I pray and hope that all can find such Resident Teachers such as I have come across (see previous post on Faith, Reason and Doubt). If people do have such troubles with their Resident Teachers and if they are acting strangely or in ways that seem inconsistent with Geshe-la’s open and natural approach , I can only suggest:

1. Firstly try not to worry

2. If you feel able, then go and tell them how you feel and ask them to please stop acting strangely (this may well have no effect, but it is only fair)

3. If many people seem to be badly effected by their behaviour or teachings then write to the NKT secretary about it, explaining without being critical (anonymously if you wish)

4. But don’t rely on any change occurring. Instead rely on Geshe-la, his books and festival teachings and if possible go and find another Resident Teacher who is more sensible, either in person or by doing a correspondence study programme. 

Finally avoid dwelling on such problems – move on swiftly and focus instead on the beauty, wisdom and good sense found in the Dharma and its practice.

Faith, Reason and Doubt. 1

When I was listening to teachings in the second NKT centre I attended, I was lucky enough to listen to some teachings from quite a skilful resident teacher. During one particular General Programme class there was a quote made that stuck with me 

“ After a discourse the faithful student may have many doubts” 

 

I absolutely loved hearing that and they continued,

 

“A faithful student has many doubts and questions, such a student is not afraid to doubt or question, Why? because they have faith”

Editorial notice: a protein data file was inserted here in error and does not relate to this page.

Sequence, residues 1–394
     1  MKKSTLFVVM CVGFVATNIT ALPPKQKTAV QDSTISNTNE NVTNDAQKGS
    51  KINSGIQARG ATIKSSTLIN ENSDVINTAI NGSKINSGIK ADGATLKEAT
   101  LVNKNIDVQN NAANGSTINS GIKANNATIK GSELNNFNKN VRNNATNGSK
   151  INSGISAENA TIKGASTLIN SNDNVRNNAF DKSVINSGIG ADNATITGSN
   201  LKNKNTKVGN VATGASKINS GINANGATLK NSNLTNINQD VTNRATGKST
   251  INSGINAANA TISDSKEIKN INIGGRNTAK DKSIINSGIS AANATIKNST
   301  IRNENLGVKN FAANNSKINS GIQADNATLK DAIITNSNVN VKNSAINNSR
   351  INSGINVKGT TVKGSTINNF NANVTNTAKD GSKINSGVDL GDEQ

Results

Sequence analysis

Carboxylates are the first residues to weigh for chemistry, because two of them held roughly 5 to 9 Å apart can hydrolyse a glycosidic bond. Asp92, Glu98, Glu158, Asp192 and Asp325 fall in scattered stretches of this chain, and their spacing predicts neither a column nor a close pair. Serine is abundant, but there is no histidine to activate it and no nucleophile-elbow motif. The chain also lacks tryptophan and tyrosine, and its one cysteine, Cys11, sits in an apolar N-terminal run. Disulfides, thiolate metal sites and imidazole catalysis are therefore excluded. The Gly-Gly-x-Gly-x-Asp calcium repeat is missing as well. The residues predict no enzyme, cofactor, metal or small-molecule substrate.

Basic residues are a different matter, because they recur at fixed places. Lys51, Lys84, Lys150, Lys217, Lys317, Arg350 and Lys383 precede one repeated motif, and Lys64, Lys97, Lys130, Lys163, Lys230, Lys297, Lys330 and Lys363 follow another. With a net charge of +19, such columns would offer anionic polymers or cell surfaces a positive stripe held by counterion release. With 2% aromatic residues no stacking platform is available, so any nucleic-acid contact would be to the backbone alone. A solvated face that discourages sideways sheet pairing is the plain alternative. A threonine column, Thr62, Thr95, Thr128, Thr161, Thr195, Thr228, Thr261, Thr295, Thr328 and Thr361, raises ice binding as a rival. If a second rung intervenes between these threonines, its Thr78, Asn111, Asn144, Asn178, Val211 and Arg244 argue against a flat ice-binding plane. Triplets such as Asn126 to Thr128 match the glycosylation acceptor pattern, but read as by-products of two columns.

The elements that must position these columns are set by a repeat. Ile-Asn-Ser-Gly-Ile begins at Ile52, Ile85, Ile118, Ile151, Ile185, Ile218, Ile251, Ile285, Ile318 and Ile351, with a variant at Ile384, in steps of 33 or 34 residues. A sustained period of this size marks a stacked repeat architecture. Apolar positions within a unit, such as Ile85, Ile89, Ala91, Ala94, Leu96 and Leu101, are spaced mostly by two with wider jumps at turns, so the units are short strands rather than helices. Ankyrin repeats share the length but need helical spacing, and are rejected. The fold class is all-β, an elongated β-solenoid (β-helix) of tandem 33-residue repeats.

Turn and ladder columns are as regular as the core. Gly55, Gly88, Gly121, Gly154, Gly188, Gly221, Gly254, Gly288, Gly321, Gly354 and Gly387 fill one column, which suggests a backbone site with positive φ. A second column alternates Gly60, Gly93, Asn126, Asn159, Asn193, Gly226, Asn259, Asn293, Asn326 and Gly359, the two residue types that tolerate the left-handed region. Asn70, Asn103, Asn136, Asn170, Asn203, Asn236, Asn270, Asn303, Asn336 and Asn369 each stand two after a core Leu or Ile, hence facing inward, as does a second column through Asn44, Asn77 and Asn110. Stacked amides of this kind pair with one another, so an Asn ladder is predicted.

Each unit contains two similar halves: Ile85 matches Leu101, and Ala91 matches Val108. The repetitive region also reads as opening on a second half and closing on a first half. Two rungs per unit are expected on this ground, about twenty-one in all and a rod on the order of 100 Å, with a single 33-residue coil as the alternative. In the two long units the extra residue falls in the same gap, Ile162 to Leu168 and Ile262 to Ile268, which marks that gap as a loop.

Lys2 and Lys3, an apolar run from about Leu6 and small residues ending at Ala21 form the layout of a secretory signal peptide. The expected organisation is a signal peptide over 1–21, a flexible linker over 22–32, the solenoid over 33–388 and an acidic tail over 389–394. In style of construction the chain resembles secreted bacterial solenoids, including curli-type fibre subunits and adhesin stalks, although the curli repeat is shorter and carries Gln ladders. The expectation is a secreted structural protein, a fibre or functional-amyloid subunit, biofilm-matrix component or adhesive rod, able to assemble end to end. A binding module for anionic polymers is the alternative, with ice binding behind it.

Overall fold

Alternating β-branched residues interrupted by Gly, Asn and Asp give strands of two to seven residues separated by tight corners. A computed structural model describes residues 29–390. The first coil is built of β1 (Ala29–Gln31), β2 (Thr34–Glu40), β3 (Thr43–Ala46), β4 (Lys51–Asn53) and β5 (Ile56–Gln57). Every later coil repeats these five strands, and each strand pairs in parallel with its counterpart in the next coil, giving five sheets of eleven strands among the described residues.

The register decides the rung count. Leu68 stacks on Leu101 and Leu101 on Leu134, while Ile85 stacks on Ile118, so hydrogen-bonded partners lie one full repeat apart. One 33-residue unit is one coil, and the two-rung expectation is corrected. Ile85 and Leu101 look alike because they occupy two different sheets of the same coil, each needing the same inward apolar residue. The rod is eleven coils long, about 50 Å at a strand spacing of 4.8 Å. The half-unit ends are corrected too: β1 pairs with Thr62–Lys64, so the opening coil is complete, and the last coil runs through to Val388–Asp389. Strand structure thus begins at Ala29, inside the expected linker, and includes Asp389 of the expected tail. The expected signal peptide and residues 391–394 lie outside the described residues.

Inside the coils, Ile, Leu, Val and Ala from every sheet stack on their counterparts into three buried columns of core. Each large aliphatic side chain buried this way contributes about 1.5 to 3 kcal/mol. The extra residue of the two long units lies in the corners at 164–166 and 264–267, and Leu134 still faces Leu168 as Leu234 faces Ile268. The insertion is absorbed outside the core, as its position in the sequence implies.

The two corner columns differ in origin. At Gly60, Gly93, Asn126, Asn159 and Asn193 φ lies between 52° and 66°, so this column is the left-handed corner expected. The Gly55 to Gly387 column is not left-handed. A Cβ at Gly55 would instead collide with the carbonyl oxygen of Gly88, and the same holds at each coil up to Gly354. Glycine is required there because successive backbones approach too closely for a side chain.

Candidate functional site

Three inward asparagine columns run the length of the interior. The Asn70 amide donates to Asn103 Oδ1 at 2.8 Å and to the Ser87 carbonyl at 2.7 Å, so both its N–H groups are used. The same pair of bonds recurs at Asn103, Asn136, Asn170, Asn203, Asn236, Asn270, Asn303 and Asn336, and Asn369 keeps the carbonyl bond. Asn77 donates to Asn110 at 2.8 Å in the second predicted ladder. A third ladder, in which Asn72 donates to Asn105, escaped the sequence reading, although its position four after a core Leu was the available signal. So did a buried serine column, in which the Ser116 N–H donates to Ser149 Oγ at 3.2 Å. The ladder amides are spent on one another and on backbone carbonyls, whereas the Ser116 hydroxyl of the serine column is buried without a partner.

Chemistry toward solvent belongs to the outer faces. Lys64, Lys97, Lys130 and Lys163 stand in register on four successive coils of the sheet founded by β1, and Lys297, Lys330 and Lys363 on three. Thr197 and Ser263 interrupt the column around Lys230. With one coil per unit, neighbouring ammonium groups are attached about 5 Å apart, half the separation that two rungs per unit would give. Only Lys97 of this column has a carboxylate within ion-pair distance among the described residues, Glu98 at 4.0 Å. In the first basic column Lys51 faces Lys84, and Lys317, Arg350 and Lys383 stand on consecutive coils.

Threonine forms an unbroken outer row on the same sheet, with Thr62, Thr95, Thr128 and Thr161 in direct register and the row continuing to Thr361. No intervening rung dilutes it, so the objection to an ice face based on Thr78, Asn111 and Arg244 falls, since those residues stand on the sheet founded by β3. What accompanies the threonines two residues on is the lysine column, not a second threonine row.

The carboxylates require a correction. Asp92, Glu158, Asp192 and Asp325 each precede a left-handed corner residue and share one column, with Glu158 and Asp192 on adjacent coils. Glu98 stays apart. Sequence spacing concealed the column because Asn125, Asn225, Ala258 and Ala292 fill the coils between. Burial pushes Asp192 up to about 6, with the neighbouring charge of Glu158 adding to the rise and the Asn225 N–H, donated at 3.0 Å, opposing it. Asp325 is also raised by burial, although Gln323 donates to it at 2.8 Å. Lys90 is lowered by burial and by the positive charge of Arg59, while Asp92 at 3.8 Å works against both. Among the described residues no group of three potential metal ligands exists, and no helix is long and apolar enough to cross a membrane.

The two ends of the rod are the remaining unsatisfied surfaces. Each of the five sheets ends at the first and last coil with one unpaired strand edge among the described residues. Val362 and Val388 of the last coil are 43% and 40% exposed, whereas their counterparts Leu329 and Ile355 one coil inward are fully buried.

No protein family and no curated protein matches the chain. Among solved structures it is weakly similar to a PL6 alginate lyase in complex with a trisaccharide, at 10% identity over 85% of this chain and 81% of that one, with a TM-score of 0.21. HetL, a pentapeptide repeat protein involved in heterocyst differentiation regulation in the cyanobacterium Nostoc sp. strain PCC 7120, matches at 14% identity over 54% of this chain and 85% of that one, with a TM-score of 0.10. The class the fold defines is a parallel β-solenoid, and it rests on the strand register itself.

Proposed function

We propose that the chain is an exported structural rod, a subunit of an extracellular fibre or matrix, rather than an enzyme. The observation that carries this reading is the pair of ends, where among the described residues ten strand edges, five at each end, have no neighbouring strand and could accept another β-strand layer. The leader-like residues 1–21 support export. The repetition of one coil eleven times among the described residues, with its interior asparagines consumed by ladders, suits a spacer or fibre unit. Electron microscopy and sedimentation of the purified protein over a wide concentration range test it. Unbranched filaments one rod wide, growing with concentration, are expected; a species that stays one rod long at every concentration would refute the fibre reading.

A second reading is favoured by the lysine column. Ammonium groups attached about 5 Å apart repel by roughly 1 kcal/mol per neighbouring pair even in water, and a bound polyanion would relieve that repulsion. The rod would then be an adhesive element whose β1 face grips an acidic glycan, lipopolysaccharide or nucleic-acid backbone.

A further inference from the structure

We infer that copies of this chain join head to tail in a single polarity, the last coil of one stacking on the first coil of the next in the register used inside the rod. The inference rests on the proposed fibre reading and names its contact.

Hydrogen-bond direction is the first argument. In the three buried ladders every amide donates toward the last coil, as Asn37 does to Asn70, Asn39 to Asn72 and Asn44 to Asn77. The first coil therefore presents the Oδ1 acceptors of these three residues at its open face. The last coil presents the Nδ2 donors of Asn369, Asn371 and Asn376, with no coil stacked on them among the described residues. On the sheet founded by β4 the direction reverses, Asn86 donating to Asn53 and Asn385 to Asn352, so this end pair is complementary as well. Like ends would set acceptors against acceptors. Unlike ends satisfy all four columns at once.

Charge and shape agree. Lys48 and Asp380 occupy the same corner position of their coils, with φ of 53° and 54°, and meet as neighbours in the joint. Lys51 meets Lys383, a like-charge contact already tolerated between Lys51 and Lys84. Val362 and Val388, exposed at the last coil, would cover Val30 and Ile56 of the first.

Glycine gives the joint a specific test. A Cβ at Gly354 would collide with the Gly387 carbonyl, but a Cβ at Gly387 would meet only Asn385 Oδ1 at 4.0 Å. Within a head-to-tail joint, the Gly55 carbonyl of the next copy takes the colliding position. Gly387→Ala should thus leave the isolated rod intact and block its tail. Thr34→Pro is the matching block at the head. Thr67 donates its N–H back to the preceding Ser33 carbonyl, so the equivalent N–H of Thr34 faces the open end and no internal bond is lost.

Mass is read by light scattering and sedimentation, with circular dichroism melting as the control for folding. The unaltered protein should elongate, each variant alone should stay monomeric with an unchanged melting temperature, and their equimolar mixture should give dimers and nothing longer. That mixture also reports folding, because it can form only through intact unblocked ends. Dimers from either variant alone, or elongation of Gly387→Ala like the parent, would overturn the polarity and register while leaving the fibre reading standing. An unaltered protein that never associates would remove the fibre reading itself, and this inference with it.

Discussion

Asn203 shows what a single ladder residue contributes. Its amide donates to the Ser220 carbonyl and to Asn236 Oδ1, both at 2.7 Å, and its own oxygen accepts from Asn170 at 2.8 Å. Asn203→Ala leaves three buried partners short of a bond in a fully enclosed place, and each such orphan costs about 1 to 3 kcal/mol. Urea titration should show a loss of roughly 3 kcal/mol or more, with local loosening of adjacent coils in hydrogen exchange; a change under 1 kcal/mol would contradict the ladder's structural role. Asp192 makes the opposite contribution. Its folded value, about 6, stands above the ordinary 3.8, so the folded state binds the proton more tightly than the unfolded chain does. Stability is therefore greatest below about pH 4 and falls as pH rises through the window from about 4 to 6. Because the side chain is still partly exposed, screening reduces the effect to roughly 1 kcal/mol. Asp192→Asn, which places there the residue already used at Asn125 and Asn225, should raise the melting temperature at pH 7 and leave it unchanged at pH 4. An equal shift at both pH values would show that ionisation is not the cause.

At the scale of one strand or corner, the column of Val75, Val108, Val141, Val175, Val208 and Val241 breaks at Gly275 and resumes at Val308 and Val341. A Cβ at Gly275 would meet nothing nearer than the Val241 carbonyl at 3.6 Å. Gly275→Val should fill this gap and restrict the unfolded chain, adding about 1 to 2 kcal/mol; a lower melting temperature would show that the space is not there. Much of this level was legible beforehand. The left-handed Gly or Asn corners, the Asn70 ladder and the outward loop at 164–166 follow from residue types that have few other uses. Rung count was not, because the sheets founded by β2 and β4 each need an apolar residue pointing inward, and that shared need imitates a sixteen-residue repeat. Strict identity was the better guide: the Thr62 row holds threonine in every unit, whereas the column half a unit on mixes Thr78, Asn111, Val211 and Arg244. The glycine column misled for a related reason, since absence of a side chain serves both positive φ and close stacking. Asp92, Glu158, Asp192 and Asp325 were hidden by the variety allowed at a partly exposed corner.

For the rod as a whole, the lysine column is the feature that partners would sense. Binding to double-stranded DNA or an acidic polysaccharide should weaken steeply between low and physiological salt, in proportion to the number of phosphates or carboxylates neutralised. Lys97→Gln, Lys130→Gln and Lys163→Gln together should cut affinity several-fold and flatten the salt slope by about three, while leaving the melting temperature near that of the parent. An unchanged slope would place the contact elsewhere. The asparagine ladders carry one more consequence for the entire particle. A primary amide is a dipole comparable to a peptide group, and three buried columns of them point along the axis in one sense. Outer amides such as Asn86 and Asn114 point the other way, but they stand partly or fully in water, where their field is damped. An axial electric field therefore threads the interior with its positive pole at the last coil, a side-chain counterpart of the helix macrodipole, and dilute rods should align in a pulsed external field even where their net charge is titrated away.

I really appreciated this and still find it fits with my experiences throughout my life. It became clear to me that following “should’s”, or “should nots” had little place. That as a student in the Kadampa tradition following Geshe Kelsang Gyatso one was meant to explore and delve relying upon one’s own guide of logic and reason as much as the Spiritual Guide.  This gave me a deep contented feeling of faith, one that still resides.

These days I still find that throughout Geshe-la’s own discourses I hear these sentiments echoed repeatedly.

My Experience

When I first came into Kadampa Buddhism I became very intersested since it addressed the main questions I had. These were….

What is Meditation?

How do I get going with Meditation?

What can I accomplish with it?

What was the nature of reality? 

Up to that point in my life I had studied various religions, philosophies and schools of psychology – without being satisfied.

Since first coming to the teachings of Geshe Kelsang Gyatso I have adored his very logical approach. I have heard Geshe-la teach on a broad range of instructions in the Lamrim (stages of the path) and instructions of Generation stage and Completion stage of Highest Yoga Tantra, however within this what struck home was during one summer festival when he emphasized that there was nothing more important than overcoming distraction. Geshe-la explained how with distraction one could remain within a religion for many years even as a monk or a teacher doing many good things but never changing much. This explained a lot to me. He further said it was good to emphasize one aspect of Dharma – rather than constantly changing our practice and focus from one thing to another. Since that time I have driven myself to mainly emphasize and concentrate on one simple but effective meditation within the teachings whilst using the other aspects of the Dharma to support this. This has given me much confidence and happiness and now years later I recognize it as the source of any peace of mind that I have.